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A thoughtful piece about the climate change debate and Tuvalu appears on the Klimazwiebel blog here.

The full text of the press release, dated Dec. 3, 2012, appears here – along with additional photos.

On the final day of the Doha conference, a second art-exhibit-related press release was issued. See it here (backup link).

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  • Pete Frost

    Equal pay for equal work sounds good on paper. I submit, however, that in the real world, if employers had their workers answer an anonymous poll, they would know its the males who do most of the heavy, dirty, or unpleasant tasks that need to be done, be it in an office or a combat unit, and they do it without complaint because thats what men do. Paying someone who operates a keyboard or in a classroom the same as a coal miner or a construction worker is hardly "equal."

    • Jean

      Hi, Pete.
      Poor choice of analogies – as I type a lot in my line of work (performance tester for computer systems – involves recording a script of user actions, then writing code to make ti work for multiple users at once. Think eBay or Yahoo, though I'm on smaller scale these days.)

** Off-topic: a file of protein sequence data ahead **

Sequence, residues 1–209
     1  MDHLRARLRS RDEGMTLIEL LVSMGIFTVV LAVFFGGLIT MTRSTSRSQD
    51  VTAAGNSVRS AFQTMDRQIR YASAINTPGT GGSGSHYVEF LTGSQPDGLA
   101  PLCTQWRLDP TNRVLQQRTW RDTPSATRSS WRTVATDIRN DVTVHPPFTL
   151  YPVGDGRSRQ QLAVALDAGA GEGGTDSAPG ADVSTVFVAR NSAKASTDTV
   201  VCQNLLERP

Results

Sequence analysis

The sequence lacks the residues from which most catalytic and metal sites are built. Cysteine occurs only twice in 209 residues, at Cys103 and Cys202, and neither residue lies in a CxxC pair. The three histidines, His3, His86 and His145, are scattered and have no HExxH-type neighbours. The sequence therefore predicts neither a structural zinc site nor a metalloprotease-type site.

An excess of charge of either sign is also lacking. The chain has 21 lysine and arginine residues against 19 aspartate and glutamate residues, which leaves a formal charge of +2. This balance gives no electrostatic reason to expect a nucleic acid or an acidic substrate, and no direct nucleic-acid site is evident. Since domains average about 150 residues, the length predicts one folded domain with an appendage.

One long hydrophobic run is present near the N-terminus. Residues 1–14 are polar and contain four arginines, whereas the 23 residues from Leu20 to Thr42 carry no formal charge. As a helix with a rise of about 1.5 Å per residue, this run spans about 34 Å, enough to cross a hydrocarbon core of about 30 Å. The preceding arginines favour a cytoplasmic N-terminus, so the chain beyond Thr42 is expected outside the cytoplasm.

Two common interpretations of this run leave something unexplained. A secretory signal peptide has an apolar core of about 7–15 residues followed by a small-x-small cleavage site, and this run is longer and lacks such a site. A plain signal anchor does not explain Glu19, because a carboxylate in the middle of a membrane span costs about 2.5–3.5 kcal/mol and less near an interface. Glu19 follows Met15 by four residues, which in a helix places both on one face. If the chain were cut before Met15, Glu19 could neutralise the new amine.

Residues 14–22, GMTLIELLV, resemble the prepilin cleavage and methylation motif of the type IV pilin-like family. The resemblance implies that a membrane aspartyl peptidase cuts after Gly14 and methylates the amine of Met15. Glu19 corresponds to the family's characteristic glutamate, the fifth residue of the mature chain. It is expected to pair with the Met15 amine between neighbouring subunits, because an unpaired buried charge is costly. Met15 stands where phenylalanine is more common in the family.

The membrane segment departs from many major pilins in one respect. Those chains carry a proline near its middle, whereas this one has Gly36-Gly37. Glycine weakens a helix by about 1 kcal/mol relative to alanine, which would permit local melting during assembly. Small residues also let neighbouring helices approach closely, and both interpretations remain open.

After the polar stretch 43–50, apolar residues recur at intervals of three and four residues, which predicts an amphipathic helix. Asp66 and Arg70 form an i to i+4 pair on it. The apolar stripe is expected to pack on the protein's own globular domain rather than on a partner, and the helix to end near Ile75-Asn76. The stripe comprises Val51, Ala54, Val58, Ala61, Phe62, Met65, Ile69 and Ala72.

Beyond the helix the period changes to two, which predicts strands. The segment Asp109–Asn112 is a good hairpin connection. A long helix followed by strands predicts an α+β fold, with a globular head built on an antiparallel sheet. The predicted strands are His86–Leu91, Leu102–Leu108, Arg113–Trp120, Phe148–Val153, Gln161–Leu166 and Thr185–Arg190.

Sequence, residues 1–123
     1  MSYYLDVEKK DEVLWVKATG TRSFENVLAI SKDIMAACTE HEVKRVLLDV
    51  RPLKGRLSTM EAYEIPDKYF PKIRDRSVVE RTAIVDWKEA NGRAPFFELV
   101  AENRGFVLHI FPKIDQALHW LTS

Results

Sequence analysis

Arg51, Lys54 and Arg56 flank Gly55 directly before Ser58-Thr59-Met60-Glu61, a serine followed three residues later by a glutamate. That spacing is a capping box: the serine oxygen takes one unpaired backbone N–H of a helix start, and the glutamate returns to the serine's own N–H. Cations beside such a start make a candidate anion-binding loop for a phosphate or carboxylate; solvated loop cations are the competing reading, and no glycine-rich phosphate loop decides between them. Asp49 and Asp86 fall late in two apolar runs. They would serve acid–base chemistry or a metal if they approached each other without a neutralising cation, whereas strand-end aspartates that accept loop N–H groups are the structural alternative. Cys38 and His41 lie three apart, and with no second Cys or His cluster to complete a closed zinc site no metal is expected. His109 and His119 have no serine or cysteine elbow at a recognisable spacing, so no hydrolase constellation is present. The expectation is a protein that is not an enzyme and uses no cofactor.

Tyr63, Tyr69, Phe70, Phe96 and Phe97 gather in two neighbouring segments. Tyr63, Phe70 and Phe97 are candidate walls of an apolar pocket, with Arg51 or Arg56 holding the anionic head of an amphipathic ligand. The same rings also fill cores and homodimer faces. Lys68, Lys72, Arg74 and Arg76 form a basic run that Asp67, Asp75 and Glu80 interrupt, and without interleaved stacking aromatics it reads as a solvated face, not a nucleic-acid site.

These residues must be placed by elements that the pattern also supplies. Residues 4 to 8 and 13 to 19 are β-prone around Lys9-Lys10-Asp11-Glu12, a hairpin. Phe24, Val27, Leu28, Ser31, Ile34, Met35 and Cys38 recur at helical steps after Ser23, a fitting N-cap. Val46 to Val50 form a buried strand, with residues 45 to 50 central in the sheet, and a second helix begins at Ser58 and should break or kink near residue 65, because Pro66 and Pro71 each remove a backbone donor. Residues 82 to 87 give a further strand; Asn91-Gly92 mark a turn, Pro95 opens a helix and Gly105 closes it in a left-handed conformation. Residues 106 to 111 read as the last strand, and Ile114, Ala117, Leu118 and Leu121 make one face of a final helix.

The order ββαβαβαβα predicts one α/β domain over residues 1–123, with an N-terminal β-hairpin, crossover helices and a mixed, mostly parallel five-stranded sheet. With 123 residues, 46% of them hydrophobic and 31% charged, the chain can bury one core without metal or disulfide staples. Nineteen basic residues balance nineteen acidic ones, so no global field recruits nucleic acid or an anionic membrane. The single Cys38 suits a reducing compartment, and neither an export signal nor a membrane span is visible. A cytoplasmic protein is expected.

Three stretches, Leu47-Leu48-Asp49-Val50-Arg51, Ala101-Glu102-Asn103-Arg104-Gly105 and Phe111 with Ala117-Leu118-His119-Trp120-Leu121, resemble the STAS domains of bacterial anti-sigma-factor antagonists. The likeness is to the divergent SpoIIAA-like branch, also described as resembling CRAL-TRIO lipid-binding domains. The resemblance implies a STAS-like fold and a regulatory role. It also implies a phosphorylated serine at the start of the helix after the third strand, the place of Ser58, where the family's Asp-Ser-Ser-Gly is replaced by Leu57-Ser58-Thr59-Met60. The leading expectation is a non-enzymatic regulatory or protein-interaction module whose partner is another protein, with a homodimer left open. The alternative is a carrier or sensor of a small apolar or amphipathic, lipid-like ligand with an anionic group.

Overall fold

Not to brag, I make a good salary – better than most miners or construction workers, I'm sure, though certain skilled labor may be close. OTOH, I usually don't get OT, and even if I get paid for extra work, it's not OT pay, but straight pay.
      Point is, typing can be really important – like a programmer, tester, etc. I've also read that in several professions, women are paid MORE than men – engineering fields especially, since there are few women, and in order to meet EEOC requirements, a female engineer makes things look REAL good… Even better if she's hispanic or black. (Hey, how about we stop with the divisions? AMERICAN, please… Not Afro-Latino woman of color… You can almost HEAR the attitude in that hyphenated garbage. But that's commentary for another time.)

  • Virtue